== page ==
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Firefighters battle many challenges tied to deadly wilderness blazes

Burnout an issue, as mental health, labour struggles common on wildfire front lines
With climate change expected to worsen wildfires in the future, some firefighters say gruelling labour conditions and associated mental health challenges are taking a toll on the workforce. Firefighters wait to pass through an RCMP roadblock as the McDougall Creek wildfire burns on the mountainside above houses in West Kelowna, B.C., on Friday, August 18, 2023. THE CANADIAN PRESS/Darryl Dyck

Two-week work cycles. Shifts that can last up to 18 hours. Sleeping in tents or gymnasiums far from home. Dangerous and unpredictable work environments.

Those are the working conditions for many wildland firefighters across the country as Canada contends with a record wildfire season.

With climate change expected to worsen wildfires in the future, some firefighters say gruelling labour conditions and associated mental health challenges are taking a toll on the workforce.

“There’s no question that we are seeing burnout,” said Steve Lemon, safety and well-being officer with the BC Wildfire Service.

Officials have called this wildfire season unprecedented, with more than 137,000 square kilometres of land scorched to date — more than six times the 10-year average. Tens of thousands have had to flee their communities under evacuation orders, homes and businesses have been destroyed, and four wildland firefighters have been killed on the job this season.

There’s little doubt this year’s wildfires and the efforts to fight them are affecting firefighters’ mental health, said Lemon.

“We’ve been engaged pretty full on since the beginning of May really, without any respite,” he said.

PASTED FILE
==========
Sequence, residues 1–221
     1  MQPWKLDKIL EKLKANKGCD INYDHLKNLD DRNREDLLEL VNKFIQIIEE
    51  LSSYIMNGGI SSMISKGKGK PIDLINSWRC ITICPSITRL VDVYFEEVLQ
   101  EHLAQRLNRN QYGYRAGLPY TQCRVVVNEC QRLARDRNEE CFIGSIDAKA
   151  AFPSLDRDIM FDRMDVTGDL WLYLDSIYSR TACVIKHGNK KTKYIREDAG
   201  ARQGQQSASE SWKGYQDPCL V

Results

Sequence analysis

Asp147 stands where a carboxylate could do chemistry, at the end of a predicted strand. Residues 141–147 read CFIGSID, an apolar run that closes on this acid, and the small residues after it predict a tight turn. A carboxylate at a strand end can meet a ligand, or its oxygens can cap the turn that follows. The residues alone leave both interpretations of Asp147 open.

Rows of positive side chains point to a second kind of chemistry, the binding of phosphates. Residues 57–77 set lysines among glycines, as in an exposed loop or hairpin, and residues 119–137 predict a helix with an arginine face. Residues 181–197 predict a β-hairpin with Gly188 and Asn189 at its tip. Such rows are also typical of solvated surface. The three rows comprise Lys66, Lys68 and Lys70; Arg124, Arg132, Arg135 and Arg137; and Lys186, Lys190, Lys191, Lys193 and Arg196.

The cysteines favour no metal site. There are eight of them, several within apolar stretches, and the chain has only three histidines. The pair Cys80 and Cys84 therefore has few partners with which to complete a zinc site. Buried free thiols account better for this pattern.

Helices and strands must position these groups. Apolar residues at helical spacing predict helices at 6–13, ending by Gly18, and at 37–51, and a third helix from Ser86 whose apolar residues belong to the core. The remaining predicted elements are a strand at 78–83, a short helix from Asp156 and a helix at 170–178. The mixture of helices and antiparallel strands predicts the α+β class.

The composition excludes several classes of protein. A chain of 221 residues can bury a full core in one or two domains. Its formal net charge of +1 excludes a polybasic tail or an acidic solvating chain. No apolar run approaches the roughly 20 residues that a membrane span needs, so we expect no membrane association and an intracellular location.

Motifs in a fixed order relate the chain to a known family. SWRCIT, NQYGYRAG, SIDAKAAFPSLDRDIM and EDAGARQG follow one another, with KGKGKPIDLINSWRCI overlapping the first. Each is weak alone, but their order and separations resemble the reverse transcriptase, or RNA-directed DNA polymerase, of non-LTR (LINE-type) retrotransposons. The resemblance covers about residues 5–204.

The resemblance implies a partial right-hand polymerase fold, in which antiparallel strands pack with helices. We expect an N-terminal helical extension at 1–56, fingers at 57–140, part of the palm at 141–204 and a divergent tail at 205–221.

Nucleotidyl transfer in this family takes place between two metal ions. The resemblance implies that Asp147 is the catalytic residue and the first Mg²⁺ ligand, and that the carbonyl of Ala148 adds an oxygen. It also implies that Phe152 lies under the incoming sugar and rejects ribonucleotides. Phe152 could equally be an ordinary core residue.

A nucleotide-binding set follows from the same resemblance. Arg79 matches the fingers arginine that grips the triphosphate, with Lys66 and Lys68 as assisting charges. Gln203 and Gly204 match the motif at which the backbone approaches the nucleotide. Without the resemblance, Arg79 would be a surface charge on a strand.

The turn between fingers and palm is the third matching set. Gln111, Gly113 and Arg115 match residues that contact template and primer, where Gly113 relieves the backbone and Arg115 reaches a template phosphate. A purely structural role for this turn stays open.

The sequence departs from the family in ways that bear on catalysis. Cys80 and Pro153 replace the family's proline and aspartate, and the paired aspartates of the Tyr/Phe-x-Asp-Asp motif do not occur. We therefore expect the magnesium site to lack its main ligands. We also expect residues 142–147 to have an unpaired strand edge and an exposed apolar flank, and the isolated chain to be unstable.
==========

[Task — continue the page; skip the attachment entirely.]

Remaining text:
“The length of the fire season, the intensity, the long-term drought that we’ve been experiencing, that all leads to more complex fires, bigger fires. Those will all undoubtedly have an impact on people.”

The BC Wildfire Service used to respond largely to seasonal wildfires but has slowly been expanding into a year-round agency helping with other natural disasters, like floods and landslides, said Lemon.

That’s weighing on the service’s approximately 700 full-time staff, who would typically take advantage of the off-season to rest and recover, he said.

Alex Lane, a firefighter with the service who is also a master’s student in psychology, is researching the mental health outcomes of wildland firefighters and support staff in B.C. and says there’s a clear need to pay attention to firefighters’ mental health.

“It was something that I struggled with throughout my career,” she said.

The BC Wildfire Service offers mental health supports that include a 24/7 dedicated counselling line and has seen those programs get increased use in recent years, said Lane.

It has also seen “a lot” of psychological injuries and workers taking time off due to psychological health issues since the service began tracking those numbers in 2021, she said.